“We have a lot of millennials that instead of the standard house with a lawn and kids riding bikes, they would rather live in a denser area that’s more urban,” he said.
That was true for Erickson. He considered buying a single-family home. But that probably would’ve meant buying in the suburbs to stay within his budget, while he wanted “the ability to go out and be able to enjoy the city.”
He considers his purchase a smart business decision. His housing costs — including mortgage, taxes and insurance — are higher than when he was a renter. But after taking in a roommate, what he spends on housing each month is about the same as the $1,400 a month he was paying for a “tiny” one-bedroom in Capitol Hill.
“Before when I was renting, it felt like my money was going into another person’s bank account. Now it feels like it’s going into my bank account,” he said, because he is building equity and anticipates that his condo will increase in value over time.
On average, condos are an affordable alternative to a single-family home. In King County, the median price for a condo was $309,975 in March compared with $531,250 for a single-family home, according to the Northwest Multiple Listing Service.
Still, condos represent only a fraction of the market. In March, 978 condos sold in King, Snohomish, Pierce and Kitsap counties versus 4,367 single-family houses.
Prices for condos have shot up more than single-family homes in some parts of the region. In Pierce County, the median price of a condo jumped by 23.2 percent year-over-year in March to $201,500 compared with an 8.2 percent increase to $265,000 for a single-family home.
Some submarkets where condo prices are heating up include Des Moines, where the median jumped by 50.4 percent year-over-year in March to $176,000. In northern King County, comprising cities such as Shoreline, Lake Forest Park and Kenmore, the median condo price leapt by 64.5 percent to $255,000.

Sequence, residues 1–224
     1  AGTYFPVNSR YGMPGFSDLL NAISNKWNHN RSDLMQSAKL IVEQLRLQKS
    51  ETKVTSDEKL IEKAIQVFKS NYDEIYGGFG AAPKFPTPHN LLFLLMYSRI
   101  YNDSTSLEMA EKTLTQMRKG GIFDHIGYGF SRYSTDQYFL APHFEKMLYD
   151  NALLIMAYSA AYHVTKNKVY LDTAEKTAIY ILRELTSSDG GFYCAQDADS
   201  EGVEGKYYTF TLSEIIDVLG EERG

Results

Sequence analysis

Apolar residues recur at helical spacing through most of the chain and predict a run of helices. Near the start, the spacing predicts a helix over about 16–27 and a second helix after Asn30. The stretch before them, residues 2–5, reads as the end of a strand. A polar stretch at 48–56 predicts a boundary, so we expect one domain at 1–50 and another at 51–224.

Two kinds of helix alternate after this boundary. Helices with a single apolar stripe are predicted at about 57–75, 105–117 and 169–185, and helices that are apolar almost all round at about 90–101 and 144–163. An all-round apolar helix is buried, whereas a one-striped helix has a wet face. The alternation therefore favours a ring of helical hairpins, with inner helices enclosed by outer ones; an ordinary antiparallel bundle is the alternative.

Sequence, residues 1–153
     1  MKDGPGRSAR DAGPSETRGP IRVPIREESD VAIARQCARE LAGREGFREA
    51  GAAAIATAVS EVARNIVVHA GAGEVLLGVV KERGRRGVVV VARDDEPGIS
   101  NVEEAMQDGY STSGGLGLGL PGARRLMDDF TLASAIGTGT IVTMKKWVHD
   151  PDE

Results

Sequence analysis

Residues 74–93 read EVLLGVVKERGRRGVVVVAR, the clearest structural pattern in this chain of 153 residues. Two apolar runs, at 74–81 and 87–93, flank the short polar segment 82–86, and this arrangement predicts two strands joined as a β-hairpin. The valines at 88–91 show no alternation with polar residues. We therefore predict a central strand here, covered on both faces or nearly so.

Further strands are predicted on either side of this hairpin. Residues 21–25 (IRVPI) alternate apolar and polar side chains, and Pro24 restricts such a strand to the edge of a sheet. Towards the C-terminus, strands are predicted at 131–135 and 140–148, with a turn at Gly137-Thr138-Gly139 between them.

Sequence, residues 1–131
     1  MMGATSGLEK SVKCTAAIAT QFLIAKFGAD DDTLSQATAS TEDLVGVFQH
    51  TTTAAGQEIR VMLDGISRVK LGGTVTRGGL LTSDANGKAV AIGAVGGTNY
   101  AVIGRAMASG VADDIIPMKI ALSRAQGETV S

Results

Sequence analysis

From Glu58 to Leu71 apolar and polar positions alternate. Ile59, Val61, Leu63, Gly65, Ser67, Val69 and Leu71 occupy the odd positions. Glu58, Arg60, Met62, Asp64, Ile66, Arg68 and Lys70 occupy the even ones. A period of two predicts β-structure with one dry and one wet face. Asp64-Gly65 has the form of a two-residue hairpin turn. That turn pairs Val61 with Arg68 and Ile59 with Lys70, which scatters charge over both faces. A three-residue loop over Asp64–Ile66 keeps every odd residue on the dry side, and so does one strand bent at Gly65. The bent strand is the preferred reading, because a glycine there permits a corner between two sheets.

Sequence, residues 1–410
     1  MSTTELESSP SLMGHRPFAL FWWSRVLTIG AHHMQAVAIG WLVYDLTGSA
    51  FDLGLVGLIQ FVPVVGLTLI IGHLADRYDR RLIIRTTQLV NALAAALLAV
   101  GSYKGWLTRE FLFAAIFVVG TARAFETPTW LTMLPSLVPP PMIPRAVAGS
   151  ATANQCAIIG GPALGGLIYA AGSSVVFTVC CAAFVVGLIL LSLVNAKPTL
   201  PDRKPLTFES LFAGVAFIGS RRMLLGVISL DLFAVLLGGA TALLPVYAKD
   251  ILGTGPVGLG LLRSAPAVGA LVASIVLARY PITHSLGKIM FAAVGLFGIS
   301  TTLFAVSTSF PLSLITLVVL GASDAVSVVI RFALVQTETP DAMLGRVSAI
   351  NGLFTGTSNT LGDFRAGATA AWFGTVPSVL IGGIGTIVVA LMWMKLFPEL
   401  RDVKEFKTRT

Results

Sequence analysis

Low inventory is a problem throughout the housing market that doesn’t appear to be easing any time soon, said Svenja Gudell, chief economist at Zillow. One problem is that would-be sellers decline to list their homes if they don’t think they will find a new home to buy. A solution, Gudell said, would be to build more new housing.
This year alone, developers are expected to put 7,090 new apartments on the market in Seattle and 4,058 elsewhere in King County, according to Dupre + Scott Apartment Advisors.
Meanwhile, new condo development in Seattle has been limited to a few projects. Among these are the 698-unit Insignia project in Belltown that opened its first tower in 2015 and will open a second tower later this year; the 107-unit Gridiron in Pioneer Square, due for completion in 2017; and the 168-unit Luma on Capitol Hill, to open this summer.
Some projects sell out well before residents start moving in. The Mark Company, a condo-marketing firm, estimated that in March, Seattle had only 264 new condo units on the market.
So far, buyers have reserved 19 of Gridiron’s one and two-bedroom units priced between $400,000 and $1.3 million. The developer is releasing units in phases and will later release 12 units for low-income buyers.
“In the past, people looked at downtown as a place to escape from after work,” Daniels said. “That has certainly changed in the past several years.”